Troubles On The Farm Spokane, Others Would Suffer Without Exemption, Says Brett
Owners of minor-league baseball teams in Washington state warned their elected representatives that many of the game’s farm teams will disappear if Congress does away with major-league baseball’s antitrust exemption.
Bobby Brett, owner of the Spokane Indians and brother of former major leaguers George and Ken, predicted Wednesday as many as half of the nation’s 170 minor-league teams would be eliminated if the exemption were repealed.
That’s because without the exemption, many major-league teams would end their affiliation with the minors, he said.
“If that happened, I think you’d see minor leagues completely change the way you do business,” Brett told reporters after a meeting with Sen. Slade Gorton, R-Wash.
“Rather than free parking in Spokane and $1 hot dogs and $3 tickets for children, I think you’d see prices double or even triple because the price of doing business would be so much more,” he said.
Currently, major-league teams secure the rights to a young prospect for six years after signing him out of high school. Altering the exemption could limit that to one or two years, he said.
“Most 18-year-old kids you sign out of high school aren’t ready (for the big leagues) for five or six years,” Brett said.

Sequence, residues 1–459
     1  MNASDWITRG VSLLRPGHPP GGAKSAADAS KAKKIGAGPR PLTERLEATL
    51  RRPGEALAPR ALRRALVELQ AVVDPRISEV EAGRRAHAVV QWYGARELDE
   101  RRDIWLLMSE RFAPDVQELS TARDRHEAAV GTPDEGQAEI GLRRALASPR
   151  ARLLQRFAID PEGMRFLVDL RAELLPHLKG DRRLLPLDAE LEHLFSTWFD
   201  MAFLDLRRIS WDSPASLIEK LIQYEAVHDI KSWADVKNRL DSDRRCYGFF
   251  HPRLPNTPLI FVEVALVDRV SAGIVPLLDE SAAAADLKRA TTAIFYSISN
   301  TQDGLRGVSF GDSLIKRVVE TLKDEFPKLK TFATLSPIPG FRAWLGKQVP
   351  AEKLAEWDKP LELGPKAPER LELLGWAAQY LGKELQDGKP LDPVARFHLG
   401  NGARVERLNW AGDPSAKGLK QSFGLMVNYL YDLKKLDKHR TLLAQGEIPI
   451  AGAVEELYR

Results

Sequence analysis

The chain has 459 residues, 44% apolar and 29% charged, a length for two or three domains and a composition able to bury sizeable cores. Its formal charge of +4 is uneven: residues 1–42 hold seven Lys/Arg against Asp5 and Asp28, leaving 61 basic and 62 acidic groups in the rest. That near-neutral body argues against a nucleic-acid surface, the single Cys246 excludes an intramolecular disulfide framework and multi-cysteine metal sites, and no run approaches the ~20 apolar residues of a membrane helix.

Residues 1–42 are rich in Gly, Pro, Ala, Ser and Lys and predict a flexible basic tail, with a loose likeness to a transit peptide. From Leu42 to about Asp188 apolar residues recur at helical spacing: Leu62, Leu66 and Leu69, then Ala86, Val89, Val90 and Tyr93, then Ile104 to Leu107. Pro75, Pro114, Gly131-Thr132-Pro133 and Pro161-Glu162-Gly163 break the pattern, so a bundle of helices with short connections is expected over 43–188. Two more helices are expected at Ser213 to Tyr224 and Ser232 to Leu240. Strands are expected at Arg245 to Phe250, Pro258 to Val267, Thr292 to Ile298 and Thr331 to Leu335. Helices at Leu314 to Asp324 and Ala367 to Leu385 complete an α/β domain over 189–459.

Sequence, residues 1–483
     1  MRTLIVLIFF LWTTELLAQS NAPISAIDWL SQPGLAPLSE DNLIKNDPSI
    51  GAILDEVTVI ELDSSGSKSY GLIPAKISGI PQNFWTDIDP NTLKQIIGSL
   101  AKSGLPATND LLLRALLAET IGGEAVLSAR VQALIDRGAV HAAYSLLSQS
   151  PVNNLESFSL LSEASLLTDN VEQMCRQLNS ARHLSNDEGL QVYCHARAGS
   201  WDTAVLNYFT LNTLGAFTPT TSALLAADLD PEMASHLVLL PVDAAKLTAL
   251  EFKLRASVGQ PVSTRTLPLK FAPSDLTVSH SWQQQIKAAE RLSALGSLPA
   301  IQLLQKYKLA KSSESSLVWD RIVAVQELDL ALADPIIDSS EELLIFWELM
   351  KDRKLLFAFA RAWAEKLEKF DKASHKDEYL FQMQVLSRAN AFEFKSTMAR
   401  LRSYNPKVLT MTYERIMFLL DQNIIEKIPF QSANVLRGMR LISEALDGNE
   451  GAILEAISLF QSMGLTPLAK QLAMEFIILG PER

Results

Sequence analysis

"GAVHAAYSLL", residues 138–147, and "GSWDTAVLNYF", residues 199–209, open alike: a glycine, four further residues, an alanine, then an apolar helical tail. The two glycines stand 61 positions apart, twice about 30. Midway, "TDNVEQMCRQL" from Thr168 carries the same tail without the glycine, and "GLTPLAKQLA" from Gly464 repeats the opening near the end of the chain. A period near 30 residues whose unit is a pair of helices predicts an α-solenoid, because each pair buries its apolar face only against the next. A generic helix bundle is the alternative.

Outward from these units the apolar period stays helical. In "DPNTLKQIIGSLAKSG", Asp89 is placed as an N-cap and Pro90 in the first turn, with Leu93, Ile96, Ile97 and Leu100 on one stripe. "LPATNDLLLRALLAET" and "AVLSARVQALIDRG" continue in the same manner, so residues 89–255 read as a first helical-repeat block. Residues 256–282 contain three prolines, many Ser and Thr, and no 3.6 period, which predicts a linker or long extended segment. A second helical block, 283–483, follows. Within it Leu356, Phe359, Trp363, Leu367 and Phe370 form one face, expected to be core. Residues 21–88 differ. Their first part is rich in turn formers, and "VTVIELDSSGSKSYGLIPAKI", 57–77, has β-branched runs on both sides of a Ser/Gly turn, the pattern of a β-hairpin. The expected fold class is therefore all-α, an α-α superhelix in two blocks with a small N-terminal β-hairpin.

“What is the value of making an investment in a minor-league player if he is going to be free in two years to go sign with somebody else?” he asked.
Rep. George Nethercutt, R-Wash., also met with Brett on Wednesday and shares his concerns.
“It’s a threat to minor-league ball,” said Nethercutt, who represents the Spokane area and is part owner of minor-league baseball teams in Greensboro, N.C., and Grand Rapids, Mich.
“If they can’t affiliate with a major-league club, they may have to raise prices,” Nethercutt said.
Gorton met with Brett and representatives of three other minorleague teams in his state - Jerry Walker of the Bellingham Giants, Dave Connell of the Yakima Bears and Bob and Margaret Bavasi of the Everett Aquasox.
Gorton said Congress and Presi dent Clinton should “butt out” of the major-league baseball strike and stop talk of ending the sport’s exemption from antitrust laws.
But the White House is calling for the sides to speed up negotiations.
Moments after Thursday’s talks in Washington began, mediator W.J. Usery was summoned from the negotiating table.
When he returned from meeting with Labor Secretary Robert Reich and other administration officials, Usery did not say whether he had spoken directly to Clinton. But he made it altogether clear Clinton wanted more action, and soon.
“He emphasized in extremely strong language that the president expects this to be resolved,” union head Donald Fehr said.
Clinton has set a Monday deadline for making substantial progress. He has threatened to ask that Usery propose terms of a settlement.
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